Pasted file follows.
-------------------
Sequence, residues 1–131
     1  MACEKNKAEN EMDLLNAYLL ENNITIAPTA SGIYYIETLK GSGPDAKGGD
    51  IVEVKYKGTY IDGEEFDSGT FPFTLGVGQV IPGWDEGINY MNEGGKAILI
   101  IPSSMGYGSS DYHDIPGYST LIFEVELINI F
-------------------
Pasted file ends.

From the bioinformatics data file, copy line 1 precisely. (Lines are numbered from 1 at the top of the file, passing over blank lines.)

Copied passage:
Sequence, residues 1–131